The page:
In a society unbridled with double standards and set views about women, one may wonder the origins of such beliefs. It might come as a surprise that these ideals and standards are embedded and have been for centuries in the beloved fairy tales we enjoyed reading as kids. In her analytical essay, “To Spin a Yarn: The Female Voice in Folklore and Fairy Tales”, Karen Rowe argues that fairy tales present “cultural norms which exalt passivity, dependency, and self-sacrifice as a female’s cardinal virtues.” Rowe presents an excellent point, which can be supported by versions of the cult classics, “Cinderella” and “Snow White”. Charles Perrault’s “ The Little Glass Slipper” and the Brothers Grimm’s “ Snow White” exemplify the beliefs that females are supposed to be docile, dependent on the male persona and willing to sacrifice themselves. In many cases, when strong female characters are presented they are always contradicting in these characteristics, thus labeled as villainous. Such is the case of the Cinderella’s stepsisters in Perrault’s “Cinderella” and the stepmother in the Brothers Grimm’s “Snow White.” These female characters face judgment and disapproval when they commit the same acts as male characters. With such messages rooted in our beloved fairy tales it is no wonder that society is rampant with these ideals about women and disapprove of women when they try to break free of this mold.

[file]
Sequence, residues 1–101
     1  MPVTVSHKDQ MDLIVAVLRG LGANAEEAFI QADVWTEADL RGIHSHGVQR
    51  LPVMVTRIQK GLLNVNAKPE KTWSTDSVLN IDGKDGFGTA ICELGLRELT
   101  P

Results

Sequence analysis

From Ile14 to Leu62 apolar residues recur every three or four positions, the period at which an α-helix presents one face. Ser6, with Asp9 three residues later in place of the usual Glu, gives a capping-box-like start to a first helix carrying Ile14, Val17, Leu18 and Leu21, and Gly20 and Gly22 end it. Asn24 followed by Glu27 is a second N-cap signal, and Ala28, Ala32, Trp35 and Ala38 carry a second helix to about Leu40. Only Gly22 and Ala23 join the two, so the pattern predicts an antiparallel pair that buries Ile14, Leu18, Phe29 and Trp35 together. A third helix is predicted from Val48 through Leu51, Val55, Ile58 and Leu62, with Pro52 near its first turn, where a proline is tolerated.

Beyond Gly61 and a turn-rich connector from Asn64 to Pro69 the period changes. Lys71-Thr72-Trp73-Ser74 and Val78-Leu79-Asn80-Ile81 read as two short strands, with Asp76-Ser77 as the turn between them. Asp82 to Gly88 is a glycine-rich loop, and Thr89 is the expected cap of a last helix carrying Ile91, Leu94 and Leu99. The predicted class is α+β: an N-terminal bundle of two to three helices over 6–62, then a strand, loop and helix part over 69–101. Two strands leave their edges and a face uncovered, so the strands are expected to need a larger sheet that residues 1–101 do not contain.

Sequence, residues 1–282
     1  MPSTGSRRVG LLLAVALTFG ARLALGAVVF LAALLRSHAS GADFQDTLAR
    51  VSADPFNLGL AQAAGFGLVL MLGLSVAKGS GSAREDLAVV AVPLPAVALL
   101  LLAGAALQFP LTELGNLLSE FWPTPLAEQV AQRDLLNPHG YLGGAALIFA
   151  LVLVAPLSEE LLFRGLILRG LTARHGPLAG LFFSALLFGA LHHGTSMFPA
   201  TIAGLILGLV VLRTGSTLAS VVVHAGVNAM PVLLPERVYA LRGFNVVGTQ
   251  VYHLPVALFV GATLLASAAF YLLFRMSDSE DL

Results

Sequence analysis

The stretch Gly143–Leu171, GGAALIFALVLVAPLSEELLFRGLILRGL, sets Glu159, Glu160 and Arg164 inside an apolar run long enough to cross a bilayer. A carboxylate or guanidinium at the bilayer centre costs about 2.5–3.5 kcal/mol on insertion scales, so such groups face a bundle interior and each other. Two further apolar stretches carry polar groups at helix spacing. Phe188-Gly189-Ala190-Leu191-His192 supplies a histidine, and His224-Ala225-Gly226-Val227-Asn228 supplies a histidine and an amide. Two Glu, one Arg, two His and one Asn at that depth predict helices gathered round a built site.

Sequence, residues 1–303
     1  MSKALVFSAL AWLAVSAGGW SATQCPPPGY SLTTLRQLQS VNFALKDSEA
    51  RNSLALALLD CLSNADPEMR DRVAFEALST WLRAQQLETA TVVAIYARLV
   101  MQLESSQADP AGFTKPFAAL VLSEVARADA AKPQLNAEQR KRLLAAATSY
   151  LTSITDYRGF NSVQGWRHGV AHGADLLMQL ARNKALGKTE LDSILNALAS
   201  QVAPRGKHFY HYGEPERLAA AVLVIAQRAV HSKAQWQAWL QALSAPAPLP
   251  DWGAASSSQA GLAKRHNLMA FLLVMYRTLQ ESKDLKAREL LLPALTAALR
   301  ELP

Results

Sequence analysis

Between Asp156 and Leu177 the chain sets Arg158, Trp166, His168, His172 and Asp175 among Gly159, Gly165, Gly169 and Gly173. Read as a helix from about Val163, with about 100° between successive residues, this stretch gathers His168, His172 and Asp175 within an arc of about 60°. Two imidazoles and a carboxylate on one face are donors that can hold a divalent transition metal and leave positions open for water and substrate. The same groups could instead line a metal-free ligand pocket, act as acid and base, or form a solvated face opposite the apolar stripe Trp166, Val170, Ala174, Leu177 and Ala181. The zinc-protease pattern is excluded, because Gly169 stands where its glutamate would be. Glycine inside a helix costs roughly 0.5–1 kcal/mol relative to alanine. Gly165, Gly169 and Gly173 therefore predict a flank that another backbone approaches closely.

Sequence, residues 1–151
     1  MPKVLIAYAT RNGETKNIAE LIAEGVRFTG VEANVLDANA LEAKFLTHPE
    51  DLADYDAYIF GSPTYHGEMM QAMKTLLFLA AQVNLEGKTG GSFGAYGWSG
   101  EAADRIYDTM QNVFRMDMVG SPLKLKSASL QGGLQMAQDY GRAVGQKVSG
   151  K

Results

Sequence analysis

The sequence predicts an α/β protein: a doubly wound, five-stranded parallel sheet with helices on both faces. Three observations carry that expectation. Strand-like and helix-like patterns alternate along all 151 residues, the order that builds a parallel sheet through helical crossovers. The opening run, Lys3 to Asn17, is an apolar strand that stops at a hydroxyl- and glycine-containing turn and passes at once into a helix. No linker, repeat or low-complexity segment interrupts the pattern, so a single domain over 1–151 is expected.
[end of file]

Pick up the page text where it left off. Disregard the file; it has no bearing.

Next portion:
As the world has transformed and progressed throughout history, so have its stories and legends, namely the infamous tale of Cinderella. With countless versions and adaptations, numerous authors from around the world have written this beauty’s tale with their own twists and additions to it. And while many may have a unique or interesting way of telling her story, Anne Sexton and The Brother’s Grimm’s Cinderellas show the effects cultures from different time periods can have on a timeless tale, effects such as changing the story’s moral. While Sexton chooses to keep some elements of her version, such as the story, the same as the Brothers Grimm version, she changes the format and context, and adds her own commentary to transform the story’s